Linux Networking 3: network bridge and bump in the wire
Ever wondered what the 'Bridged' networking means in VMWare? It's exactly the kind of network setup allowed by Linux network bridge (practically handled by bridge-utils). Except that VMWare has its own implementation of a virtual network bridge that connects the guest virtual network and the host network together, thus allowing the guest OS virtual network direct access to the external (relative to the host) network.
Because bridge works at Layer 2 for Ethernet packets, a bridge can often be considered functionally equivalent to a switch, albeit a virtual software solution. The simplest bridge acts as a bump in the wire, connecting different network segments just like a switch. However, bridge has the following distinctive advantages:
1) A bridge can act as a network interface and assume a binding IP address, allowing network access to the Linux host.
2) Network packets going through a bridge can be manipulated by iptables, thus allowing greater control such as mangling and filtering not present in switch and bump in the wire.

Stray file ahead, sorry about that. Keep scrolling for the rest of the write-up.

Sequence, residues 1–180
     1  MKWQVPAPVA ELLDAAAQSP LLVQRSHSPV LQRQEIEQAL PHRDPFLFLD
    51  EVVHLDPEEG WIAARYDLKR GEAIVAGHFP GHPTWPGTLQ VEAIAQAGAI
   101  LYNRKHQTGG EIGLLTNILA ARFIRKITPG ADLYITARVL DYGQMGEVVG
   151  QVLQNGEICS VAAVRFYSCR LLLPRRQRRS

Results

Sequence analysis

Because a virtual bridge only examines Ethernet header (layer 2), it's transparent to IP protocols . This has some implications:
1) It's important to take care of ARP tables that translate Ethernet address to IP address, no arp poisoning or other monkey business. The Linux host must forward arp packets properly.
2) It's important to avoid routing loops (cyclic routes through bridges), often requiring turning Spanning Tree Protocol (STP) in network bridges.
A bridge is most useful in the following scenarios:
1) Network transparency and redundancy is required for internal network users. Redundant virtual network bridges can be set up (use STP if necessary) to allow non-interrupted network traffic flow.
2) Administrator needs better packet filtering control over packets striding over network segments.
3) Simply replacing a hardware switch or act as a bump in the wire (connecting two hosts on same network for example)